Eight Steps to Improving Operation, Maintenance Programs
In the future, collection system programs will be asked to do more with limited resources, and customers, regulatory agencies, stakeholders and policy makers...
By Michael Flores, John Larson and Eric Wessels
In the future, collection system programs will be asked to do more with limited resources, and customers, regulatory agencies, stakeholders and policy makers will demand better service for the same cost.
Levels of service in the collection system arena are increasingly measured by the number and impact of SSOs. The good news is that organizations can quickly reduce sewer stoppages and overflows by reorganizing and optimizing their collection system operation and maintenance (O&M) programs. The primary goal is to become more efficient and effective by focusing limited resources on investigation, cleaning and repair of high-risk assets.
The key steps in creating an effective and efficient O&M program are getting the most from information systems; managing assets; focusing limited O&M resources on problem areas; using equipment properly; using feedback from crews to modify the program; measuring performance; and creating performance-based accountability and recognizing high performers.
1. Getting the Most From Information Systems— A successful O&M program lives and dies by the quality of information that is collected and analyzed. Using a number of systems – including a Computerized Maintenance Management System (CMMS), GIS and Supervisory Control and Data Acquisition (SCADA) – can help track, analyze and control critical assets.
GIS plays a vital role in mapping the location of key collection system assets, including crucial information such as the age, material and size of sewers. This information not only aids maintenance resources in knowing what to expect in the field, but it also assists in profiling the relative risks associated with that asset.
A CMMS is used to both plan and schedule work. A fully implemented system will also record and track maintenance history and warranty information, as well as other needed operational tasks.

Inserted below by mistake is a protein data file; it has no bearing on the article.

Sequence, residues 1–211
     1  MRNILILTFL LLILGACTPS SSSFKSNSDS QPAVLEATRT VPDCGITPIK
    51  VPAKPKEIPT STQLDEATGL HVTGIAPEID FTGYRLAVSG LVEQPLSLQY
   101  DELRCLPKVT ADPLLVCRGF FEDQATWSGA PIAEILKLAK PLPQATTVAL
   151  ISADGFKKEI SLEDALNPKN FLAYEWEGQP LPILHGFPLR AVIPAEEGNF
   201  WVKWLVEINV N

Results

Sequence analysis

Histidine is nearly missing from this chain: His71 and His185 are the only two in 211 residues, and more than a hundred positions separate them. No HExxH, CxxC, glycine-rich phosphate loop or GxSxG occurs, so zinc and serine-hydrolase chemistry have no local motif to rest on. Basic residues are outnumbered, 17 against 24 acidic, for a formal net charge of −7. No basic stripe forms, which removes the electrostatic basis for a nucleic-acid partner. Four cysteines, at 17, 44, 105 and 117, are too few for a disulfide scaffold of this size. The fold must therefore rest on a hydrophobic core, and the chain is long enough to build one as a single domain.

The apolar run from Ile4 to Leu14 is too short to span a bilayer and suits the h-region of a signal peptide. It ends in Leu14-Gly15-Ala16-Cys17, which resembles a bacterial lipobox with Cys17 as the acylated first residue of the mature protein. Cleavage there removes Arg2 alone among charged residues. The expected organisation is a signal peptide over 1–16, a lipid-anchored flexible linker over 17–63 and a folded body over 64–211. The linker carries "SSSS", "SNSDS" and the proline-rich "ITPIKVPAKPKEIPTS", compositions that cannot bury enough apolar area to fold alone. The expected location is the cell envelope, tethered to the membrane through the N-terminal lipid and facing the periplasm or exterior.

SCADA systems track real-time data –such as where a pump station failure occurred – and they can also analyze the severity level of the failure and alert a central site that the failure occurred.
Used in concert, these systems provide powerful support to an O&M plan.
2. Managing Assets— While most O&M programs incorporate strategies to correct regulatory and capacity shortcomings, the missing elements in many of these programs is asset management – one of the best tools available to make an O&M program more efficient and effective.
Although many in the industry may be unsure of what exactly asset management means, it's relatively simple: every time a decision is made to maintain, repair, rehabilitate or replace a pipe, pump or other piece of equipment, an "asset management" function is performed.
Some key things to consider in determining if assets are being managed properly include:
• Are the business systems and practices in place needed to capture historical asset data, analyze this data and determine the reliability and cost of ownership of key system assets?
• Is this data being used to optimize the way asset maintenance, repair, rehabilitation and replacement decisions are made?
• Are these decisions systematically incorporated into the maintenance, repair and capital planning processes?